Are SeLFIES (Standard of Living Indexed, Forward-starting Income-only Securities) a potential alternative to other retirement investments?
The Economist recently published a piece (May 17 2018) entitled “Will selfies stick?” Despite what the title may have implied, this was not an examination of millennial self-portrait trends. As we set out below, the article looks at a proposal for a new type of investment providing annuity-like income at retirement.
In their paper, the Nobel laureate in economics Robert Merton (of Black-Scholes model fame) and Arun Muralidhar (of Georgetown University) explore the idea of Standard of Living Indexed, Forward-starting Income-only Securities (“SoLIFSIOS” probably wouldn’t have turned as many heads).
The product’s cashflows resemble an annuity but without the government bearing the cost of people living longer than expected
The idea is for governments to issue bonds that pay nothing until a set date in the future (the investor could buy SeLFIES throughout their working life where the first payment roughly coincides with retirement). Over the following 20 years (roughly the average retirement length) the owner receives payments based on the number of SeLFIES they have purchased (potentially with inflation-like linkage). The product’s cashflows could therefore resemble an annuity but without the government bearing the cost of the mortality element (people living longer than expected) usually borne by companies (in the case of DB schemes) or insurers (in the case of annuities).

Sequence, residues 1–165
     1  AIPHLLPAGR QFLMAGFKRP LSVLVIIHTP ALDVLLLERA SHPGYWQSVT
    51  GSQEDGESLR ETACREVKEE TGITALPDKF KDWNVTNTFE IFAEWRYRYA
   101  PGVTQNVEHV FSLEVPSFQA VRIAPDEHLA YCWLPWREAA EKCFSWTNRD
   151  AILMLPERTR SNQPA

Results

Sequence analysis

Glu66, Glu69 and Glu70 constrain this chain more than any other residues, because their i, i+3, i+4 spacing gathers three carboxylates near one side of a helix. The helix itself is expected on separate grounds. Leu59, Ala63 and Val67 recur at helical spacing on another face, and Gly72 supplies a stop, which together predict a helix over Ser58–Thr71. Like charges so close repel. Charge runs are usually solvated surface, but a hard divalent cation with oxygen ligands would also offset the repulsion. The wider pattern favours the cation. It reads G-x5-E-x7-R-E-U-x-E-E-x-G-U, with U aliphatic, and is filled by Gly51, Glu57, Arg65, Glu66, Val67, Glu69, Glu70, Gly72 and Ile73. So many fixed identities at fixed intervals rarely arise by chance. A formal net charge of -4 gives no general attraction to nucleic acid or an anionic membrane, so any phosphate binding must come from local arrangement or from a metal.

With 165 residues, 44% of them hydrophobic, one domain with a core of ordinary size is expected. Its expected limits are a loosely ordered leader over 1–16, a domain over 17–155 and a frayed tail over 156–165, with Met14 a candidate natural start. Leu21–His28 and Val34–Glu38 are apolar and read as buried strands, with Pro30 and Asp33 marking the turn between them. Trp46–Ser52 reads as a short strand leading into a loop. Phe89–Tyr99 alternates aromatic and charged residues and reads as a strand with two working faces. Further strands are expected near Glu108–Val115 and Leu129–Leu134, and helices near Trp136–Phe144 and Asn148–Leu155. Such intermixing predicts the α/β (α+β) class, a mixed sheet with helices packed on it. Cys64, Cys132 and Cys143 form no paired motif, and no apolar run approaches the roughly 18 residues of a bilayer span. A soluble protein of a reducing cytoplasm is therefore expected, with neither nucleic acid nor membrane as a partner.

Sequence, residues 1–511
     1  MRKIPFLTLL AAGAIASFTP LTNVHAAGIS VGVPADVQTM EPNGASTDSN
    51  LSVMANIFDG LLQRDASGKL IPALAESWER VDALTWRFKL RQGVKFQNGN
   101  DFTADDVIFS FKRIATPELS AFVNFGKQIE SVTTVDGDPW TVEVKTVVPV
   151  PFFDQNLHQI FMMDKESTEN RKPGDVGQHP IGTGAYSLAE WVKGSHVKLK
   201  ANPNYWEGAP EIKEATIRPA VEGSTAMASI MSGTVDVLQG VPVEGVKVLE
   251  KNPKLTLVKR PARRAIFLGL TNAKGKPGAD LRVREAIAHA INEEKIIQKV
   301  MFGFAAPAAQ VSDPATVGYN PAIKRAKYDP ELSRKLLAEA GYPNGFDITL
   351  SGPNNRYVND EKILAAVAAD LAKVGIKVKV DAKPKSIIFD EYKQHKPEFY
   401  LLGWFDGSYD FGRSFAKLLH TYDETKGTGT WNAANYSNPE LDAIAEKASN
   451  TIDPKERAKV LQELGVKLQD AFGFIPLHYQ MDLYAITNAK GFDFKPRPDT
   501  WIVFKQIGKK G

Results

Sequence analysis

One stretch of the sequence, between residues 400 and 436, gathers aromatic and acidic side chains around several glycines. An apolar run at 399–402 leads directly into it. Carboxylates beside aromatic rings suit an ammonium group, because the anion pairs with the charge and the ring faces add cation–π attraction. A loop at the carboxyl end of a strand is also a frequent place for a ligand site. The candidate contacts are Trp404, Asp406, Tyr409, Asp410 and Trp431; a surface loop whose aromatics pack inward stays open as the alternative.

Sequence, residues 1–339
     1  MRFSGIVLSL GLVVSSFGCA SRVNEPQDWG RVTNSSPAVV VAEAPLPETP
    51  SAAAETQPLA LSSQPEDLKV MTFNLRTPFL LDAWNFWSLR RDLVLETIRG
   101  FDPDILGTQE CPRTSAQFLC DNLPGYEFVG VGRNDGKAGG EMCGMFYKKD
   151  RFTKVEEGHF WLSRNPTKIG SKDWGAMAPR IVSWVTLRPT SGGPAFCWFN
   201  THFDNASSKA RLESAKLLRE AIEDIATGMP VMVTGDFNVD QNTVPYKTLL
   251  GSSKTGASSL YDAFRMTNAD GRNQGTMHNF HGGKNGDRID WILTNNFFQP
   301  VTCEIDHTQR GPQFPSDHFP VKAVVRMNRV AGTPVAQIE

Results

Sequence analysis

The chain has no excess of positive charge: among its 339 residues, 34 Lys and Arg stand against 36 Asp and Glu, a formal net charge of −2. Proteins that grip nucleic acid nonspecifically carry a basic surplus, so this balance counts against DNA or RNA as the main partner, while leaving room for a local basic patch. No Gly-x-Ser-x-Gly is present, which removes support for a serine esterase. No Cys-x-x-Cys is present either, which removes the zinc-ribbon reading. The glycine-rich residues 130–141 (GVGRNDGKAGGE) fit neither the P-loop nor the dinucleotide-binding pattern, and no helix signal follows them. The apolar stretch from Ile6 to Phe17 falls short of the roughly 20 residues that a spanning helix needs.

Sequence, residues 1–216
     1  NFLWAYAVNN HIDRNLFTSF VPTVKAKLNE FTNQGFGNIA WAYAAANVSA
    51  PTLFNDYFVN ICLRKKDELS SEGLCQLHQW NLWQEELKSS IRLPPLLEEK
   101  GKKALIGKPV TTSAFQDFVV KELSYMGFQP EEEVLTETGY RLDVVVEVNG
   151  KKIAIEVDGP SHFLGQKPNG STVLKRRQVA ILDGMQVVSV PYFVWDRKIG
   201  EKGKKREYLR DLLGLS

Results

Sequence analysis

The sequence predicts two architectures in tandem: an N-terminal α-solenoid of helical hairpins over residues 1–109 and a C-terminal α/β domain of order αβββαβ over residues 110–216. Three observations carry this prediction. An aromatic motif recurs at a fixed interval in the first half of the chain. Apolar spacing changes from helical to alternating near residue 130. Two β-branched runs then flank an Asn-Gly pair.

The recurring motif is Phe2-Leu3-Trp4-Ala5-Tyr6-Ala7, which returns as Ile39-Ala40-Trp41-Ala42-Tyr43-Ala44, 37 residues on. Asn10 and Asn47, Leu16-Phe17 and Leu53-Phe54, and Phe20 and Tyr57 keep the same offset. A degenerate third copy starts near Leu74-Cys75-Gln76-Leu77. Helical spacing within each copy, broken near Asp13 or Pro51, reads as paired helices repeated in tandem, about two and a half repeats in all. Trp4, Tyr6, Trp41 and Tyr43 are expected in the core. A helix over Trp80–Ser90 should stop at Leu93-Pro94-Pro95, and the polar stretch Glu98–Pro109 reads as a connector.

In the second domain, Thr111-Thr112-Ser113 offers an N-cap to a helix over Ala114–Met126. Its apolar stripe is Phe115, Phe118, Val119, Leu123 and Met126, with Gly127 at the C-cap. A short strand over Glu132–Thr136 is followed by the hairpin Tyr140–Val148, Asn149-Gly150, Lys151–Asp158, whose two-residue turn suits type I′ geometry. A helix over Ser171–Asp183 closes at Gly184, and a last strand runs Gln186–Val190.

So why might non-DB scheme future pensioners (read most people under 40) want to picture themselves investing? At the current time, the answer is that they may not want to – yields are low and accordingly the cost of such a bond would be high with a relatively low projected annual income. I estimate that for someone retiring in the UK in 30 years’ time, an income of £30k/year for 20 years (uprated by inflation – see chart) would cost c.£1.1m today. Add to this the fact that most people invest in equities in the belief that the returns will be higher than those available in the bond market and the opportunity may seem less appealing.
In order to receive 'guaranteed', 'DB-like' retirement incomes without being part of a DB pension scheme, investors can buy fixed-term annuities – a well-established market in the UK. As per a DB scheme, investors receive regular fixed income over a chosen period. As mentioned above, SELFIES could provide some additional flexibility in terms of purchasing these future cashflows throughout your working life. In addition, SELFIES are proposed to be inflation-linked and you would theoretically be able to pass them to future generations or even sell them. These last points would make them more flexible than DB pensions and annuities which are either not transferrable or the next of kin receives a reduced benefit on death.
Governments should also take heed given the attraction of being able to fund themselves for long-term investments – infrastructure, for instance – while also avoiding potential future pension challenges.
Answering The Economist’s question without a concrete proposal is difficult. However, given the inter-generational divide caused by the diminution of DB pension benefits and the potential for future government funding and pension crises, SeLFIES could well be worth taking a look at.
Following June's post on the similarities between Love Island and defined benefit (DB) scheme consolidation, my topic today is also smouldering, but sadly for very different reasons.